With cost and time being all but eliminated from the equation, it is interesting to think about what digital cameras have done for quality. There are still groups that will argue for the better quality that film delivers, although that’s maybe moved on to the realm of the folks who swear records sound better than digital recordings. And there is definitely still room for the discussion as to whether the average digital camera itself isn’t made out of less durable materials and made to be disposable, whereas the film ones were made to last. But as to the actual quality of the photography that we now see, I think that the fact that a person can now take a hundred photos of one small moment in time without having to think about costs has also improved the overall quality of photography. Granted, there is still the danger that the people taking the photos don’t curate their own work and just post all their bad pictures with their good, but that doesn’t mean that they don’t still have lots of good pictures in there.
The interesting thing is that when I sat down to write this last part about quality I was going to make the argument that our quality had gone down because it was so fast and cheap to take pictures. And then I started thinking about older photos. I’ve done multiple wedding videos where I take the old photos of the bride and groom growing up and put them together in a montage, and I started thinking about all the old photos I’ve seen and used for those videos. And as much as they have that great old quality charm to them, and as much as they mean to the people who are in them–the truth is that most of them are not good photos. They’re grainy, blurry, poorly framed and poorly lit. In most cases, unless the person taking the photo was an actual photographer, they tend to be not very good. And then I started thinking about your average Facebook photo gallery, and much as the content can be boring and repetitive and contain more photos than anyone needs to see of most people’s lives, they do tend to be clearer, brighter, better photos.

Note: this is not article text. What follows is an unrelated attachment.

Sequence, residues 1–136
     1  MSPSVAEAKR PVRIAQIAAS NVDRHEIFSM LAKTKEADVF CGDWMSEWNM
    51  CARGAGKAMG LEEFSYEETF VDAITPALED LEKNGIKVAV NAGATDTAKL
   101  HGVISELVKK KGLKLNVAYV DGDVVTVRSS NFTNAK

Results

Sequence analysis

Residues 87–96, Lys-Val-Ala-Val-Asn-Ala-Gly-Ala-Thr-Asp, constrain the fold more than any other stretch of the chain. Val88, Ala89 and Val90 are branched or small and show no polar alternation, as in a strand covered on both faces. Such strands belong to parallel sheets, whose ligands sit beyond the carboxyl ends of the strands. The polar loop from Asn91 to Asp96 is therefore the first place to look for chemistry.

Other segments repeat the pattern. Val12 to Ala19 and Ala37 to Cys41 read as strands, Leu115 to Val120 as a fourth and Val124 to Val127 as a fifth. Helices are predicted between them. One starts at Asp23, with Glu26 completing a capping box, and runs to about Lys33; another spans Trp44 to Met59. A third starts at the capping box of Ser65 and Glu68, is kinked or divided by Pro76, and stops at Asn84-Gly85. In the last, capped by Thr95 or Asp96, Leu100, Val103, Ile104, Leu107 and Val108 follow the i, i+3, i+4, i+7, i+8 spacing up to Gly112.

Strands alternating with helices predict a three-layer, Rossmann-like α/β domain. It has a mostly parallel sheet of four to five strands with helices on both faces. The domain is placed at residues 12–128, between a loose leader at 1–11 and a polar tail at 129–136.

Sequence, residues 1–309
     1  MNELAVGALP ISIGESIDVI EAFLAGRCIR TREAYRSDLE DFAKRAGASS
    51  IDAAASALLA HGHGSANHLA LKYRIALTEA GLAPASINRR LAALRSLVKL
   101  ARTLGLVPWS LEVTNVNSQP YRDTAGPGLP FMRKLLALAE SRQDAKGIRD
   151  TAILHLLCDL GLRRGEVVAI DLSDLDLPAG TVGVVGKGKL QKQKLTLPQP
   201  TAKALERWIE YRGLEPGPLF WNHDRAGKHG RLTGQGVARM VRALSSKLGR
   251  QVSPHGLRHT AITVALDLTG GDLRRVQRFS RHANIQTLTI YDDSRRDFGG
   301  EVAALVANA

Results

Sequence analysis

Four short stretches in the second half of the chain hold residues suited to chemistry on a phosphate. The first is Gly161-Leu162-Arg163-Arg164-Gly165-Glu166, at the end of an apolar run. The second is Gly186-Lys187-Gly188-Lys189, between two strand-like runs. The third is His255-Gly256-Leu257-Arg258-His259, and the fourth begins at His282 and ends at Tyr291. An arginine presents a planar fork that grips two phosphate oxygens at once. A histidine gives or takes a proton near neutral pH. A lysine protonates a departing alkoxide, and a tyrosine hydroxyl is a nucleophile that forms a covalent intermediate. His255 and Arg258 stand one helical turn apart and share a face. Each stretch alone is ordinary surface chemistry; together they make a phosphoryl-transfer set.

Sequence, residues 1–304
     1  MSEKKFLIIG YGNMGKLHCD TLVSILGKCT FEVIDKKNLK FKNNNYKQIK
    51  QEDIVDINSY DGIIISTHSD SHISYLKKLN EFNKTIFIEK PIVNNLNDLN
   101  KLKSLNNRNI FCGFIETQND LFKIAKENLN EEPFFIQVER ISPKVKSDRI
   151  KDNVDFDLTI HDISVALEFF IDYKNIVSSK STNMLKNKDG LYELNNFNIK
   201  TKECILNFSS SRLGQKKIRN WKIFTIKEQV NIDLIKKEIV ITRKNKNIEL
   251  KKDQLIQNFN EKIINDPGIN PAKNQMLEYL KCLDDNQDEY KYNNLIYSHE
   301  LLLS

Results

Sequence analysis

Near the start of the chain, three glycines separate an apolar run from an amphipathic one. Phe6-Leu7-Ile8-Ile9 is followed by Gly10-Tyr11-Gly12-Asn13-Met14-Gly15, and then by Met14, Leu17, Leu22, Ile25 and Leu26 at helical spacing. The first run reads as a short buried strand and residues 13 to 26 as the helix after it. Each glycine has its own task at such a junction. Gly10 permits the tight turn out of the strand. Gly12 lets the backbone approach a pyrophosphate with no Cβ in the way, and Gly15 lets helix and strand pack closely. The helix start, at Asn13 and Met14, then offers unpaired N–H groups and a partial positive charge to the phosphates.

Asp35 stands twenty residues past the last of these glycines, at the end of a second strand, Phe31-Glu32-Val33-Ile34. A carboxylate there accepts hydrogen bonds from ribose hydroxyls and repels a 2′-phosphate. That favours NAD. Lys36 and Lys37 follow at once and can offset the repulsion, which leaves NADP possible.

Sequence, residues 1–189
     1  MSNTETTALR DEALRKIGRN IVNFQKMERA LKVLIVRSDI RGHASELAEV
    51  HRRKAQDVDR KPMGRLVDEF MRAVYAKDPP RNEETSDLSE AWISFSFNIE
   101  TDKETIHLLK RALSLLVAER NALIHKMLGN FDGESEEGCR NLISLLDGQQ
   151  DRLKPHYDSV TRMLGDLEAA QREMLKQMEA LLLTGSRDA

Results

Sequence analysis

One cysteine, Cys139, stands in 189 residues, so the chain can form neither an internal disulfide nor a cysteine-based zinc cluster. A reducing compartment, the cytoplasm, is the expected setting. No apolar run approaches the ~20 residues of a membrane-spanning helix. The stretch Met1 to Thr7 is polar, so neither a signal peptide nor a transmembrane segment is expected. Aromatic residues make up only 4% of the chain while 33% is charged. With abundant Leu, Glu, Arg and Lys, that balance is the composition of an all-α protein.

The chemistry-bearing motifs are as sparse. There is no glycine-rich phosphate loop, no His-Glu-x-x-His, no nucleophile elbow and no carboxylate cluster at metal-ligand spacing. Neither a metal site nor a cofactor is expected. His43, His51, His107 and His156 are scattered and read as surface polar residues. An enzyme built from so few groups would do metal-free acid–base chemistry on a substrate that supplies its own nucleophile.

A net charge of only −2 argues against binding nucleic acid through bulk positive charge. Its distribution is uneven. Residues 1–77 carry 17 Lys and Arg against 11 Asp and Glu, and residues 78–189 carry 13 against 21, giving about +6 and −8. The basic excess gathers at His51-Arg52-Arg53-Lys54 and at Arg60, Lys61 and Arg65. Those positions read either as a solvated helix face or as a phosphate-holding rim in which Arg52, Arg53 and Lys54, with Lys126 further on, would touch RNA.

I’d be remiss to have a post about an old instant camera without mentioning Instagram. Instagram exists to make modern, clear, bright photos look old and muddy and imperfect. I think that what I was just discussing is the cause of this. If you are older than twenty, chances are all of your childhood photos are the blurry, muddy, imperfect photos that Instagram filters emulate. When you look at your old photos from growing up, there is probably a warmth of nostalgia for that place and time and what it was like to be a kid. The odd thing is that we’ve misplaced that nostalgia from the actual place and time to the imperfections of the technology — imperfections that only existed because the technology either wasn’t fully developed or user-friendly enough for the average person to use properly. Too make things even stranger, we are now artificially adding these imperfections to our current, more perfect, tech–and then using it to store our current memories. So that in the future when we look back at the pictures we took now, we’ll see them not through the imperfections of the tech, but through the artificial imperfections that we chose to put on it to emulate earlier actual imperfections.
I’m not saying there’s anything necessarily wrong with all that (I was putting imperfection-generating filters on my videos before it was cool* in order to create artificial nostalgia for the memories they hold), but what I am saying is we might want to keep some un-filtered copies of our photos on hand. Just in case one day comes and you want the option of seeing things as they actually were.